SCM 301 – Anatomy and Physiology I
This course presents a systemic approach to the study of the human body. Lecture topics include an introduction of anatomical terminology and an overview of cellular processes and tissue classification. Students then learn the gross and microscopic anatomy of the following systems: integumentary, skeletal, and muscular system.


CHH 706 – Highlights of Church History
This course will trace and highlight major developments in the history of the Catholic Church, from the Apostolic Period to the present day. Emphasis will be placed upon central historical figures, movements, institutions, controversies, and councils, with special attention paid to their importance for ministry and evangelization today.

CHH 881 – Patristics
This course surveys selected writings from the principal Fathers of the Church. The focus is on the development of Catholic Doctrine from the Apostolic Fathers to St. Gregory the Great, with emphasis on the Trinitarian and Christological questions.

CLA 702 – Canon Law I
This class is designed to provide the students with an understanding of how to interpret the laws of the Catholic Church. Students will be provided a perspective of the legal system that governs the Catholic Church, which is unlike the common law system found in the United States.

DTH 641 – Protology and Eschatology
This course studies God as the Creator of all things and the relation of created things to Him. The four last things (death, judgment, heaven and hell) are related to Him as the fulfillment of man and nature, the end of His saving plan. Online and residential.

DTH 751 – Christology (Pre-Req: DTH 731)
This course considers the person of Jesus Christ and the theology of the Incarnation, with particular attention to the development of Christological doctrine and to the theology of Thomas Aquinas. One & Triune God is a pre-requisite to this course. (Pre-Req: DTH 731)

DTH 757 – Pneumatology
This course studies the Person and work of the Holy Spirit, including the power and presence of the Holy Spirit in the Old Testament, the life of Jesus, the New Testament, and the Church, with emphasis on the Spirit’s primary role in the New Evangelization. Residential and Online.

ENG 890 – MA Summative Evaluation: Comprehensive Exam & Professional Paper
This course prepares M.A. Theology students to pass the oral-comprehensive exam in Dogmatic and Moral Theology during Final Exam Week and to write a ten-page professional paper in the student’s concentration. Dr. Toolin-Wilson will test on Dogma. Fr. Peter Kucer will test on Moral Theology. The professional paper will be written under the direction of an advisor and is due the following semester.

MTH 611 – Fundamental Moral I
This course presents fundamental moral principles from the perspective of the classical Catholic moral tradition especially as represented by Thomas Aquinas and John Paul II. Primary questions include the end of man, human acts, moral determinants, freedom, sin, moral responsibility, and conscience.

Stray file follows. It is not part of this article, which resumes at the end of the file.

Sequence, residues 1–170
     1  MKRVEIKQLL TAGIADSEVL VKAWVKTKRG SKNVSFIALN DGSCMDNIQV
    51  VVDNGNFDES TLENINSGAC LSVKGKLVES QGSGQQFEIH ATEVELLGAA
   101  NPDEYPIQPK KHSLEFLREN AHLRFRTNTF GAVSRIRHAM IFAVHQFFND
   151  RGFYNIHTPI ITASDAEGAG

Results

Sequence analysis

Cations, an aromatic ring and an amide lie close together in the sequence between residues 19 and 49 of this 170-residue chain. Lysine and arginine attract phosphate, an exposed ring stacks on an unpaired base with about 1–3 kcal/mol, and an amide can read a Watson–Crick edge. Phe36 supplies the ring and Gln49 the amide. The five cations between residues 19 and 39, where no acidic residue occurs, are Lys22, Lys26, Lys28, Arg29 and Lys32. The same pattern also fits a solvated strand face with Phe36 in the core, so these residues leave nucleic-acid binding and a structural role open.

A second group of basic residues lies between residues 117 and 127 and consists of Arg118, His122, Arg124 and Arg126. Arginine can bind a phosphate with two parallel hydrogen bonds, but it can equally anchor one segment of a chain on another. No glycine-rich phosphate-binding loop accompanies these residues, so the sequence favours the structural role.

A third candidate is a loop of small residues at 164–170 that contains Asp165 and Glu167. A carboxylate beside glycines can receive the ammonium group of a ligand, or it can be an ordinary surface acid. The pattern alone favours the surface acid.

MTH 612 – Fundamental Moral II
This course examines the nature of moral habit, virtue, and sin with the purpose of preparing priests and religion teachers, spiritual advisors, or other Christians to engage accurately in moral evaluation and formation.

PAS 558 – Mission of Evangelization and Catechesis
This course explores the biblical-theological foundations of the Church’s mission of evangelization, a historical review of Church documents on its mission of evangelization, present day challenges in society and culture, and a review of the role and connection between Evangelization and catechesis.

PHS 640 – Fides et Ratio: A Close Reading in Context of the History of Philosophy
St. John-Paul II provides a rich treatment of the relationship between faith and reason, or more narrowly philosophy and theology; the latter relation he calls “circular.” We will study the text carefully with a special emphasis on this circular relationship and in the process consult writings both ancient and new, and mentioned in the text, that would likely be unfamiliar to many: Clement of Alexandria, Tertullian, Gilson, Florensky and Soloviev and Edith Stein. all of this with an eye to the centrality of the encyclical’s call for a new philosophy of being.

SAS 643 – Pentateuch and Historical Books
This course surveys the Pentateuch and the Historical Books in light of commentary from ancient times through modern times while remaining always guided by the Magisterium of the Church. Jesus Christ will be presented as the main key that unlocks the ultimate meaning of the texts being studied.